Rigon family comes down from the Black Forest, near
My father, Riccardo (16.03.1895), was a farmer and my mother, Monica Italia (16.01.1901), was an Elementary School teacher. They married on 8th May 1923, and they had the first child, Giovanni-Giuseppe, on 1924, who died at his birth. After came Marino, John, the twins Joseph and Louis (Louis died after few month from the birth day), Francis, Maria Luisa, Annunziata, Louis, Teresa. We were a numerous and a happy family, even if in the middle of some difficulties.
My father had to work hardly in the farm and my mother full busy with many children and the duty of the teaching in the school.
Our father was farmer, who studied up to class 3; our mother was a teacher and she taught for forty years. It seems a strange thing how one almost illiterate person, as our father was, could married a learned girl, but they loved so much each other that they lived together a happy and fruitful live, if we look to they spiritual and Christian life, and if we look at their children life results; and they lived in a wonderful understanding. Our father had a great dill of exuberance and a large human broadmindedness equipped by a deep faith, above all in Christ, whose Passion were interpreted by him in 1930 year s in the Villaverla village theatre. He had also some artistic talents, as a good voice and time by time he sang some opera songs. He sang also before the invited people in his wedding gathering. Our aunt
I forget to say that our father, during the World First War, he became an aircraft pilot.
Our father was also e beautiful person. Every person, I used to meet asking me the name of my father, they broke into:" How beautiful is your father!" And also commented: "This boy is the son of the Lord!" As my father in the Passion of the Lord, took the role of our Lord, so the people of Villaverla used to tell that we, his children, were the Son of the Lord.
Our mother was a real teacher and a good educator and she loved very much the discipline. Fr. Francesco Villa, who used to visit time by time our family, he used to tell me: "I know why in our community you can keep easily the rules and regulations; there is more discipline you your family than in our religious houses!"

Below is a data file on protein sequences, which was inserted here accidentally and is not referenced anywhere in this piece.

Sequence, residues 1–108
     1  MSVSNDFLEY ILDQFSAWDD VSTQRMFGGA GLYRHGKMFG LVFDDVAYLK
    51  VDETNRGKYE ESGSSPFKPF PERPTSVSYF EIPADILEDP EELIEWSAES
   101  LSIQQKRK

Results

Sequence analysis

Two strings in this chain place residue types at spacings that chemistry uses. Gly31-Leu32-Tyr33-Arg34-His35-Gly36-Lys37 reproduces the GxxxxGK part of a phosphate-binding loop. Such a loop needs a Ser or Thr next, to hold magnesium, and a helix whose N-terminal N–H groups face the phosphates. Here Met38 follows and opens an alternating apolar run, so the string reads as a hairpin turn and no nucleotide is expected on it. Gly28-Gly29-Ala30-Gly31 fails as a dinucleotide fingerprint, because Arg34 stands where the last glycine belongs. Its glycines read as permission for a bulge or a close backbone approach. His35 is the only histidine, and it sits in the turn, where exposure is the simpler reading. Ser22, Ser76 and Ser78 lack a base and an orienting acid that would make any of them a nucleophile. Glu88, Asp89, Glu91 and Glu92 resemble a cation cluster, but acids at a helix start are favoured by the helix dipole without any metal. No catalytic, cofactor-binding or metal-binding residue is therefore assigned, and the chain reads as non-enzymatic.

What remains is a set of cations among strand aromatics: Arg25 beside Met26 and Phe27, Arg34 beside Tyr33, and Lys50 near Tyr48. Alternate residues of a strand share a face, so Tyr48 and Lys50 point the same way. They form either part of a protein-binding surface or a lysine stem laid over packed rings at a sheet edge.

Our mother had a good hand in painting. In the granary under the roof of our house, still a small boy, I found some water paints of our mother. I used to go there and time by time to contemplate those pictures. It created into my heart a great desire to be able to paint as my mother used to paint. And I thinks that those picture were the starting points of our future work in the field of the arts, especially for Joseph, our brother, and I myself.
These water picture now they are here and there in the home of our sisters and brothers.
Our father used to tell us that our mother was the best mother of the world: "You cannot have a best mother as your mother!"
My mother cherished a plan for her children: one doctor, one in the bank as our uncle John, one engineer, and so on. But the plan of God and the premature death of our father broke down all her ideals. But in the end of her life she was happy for we her children realized in our lives, and how the Providence of God guided our family.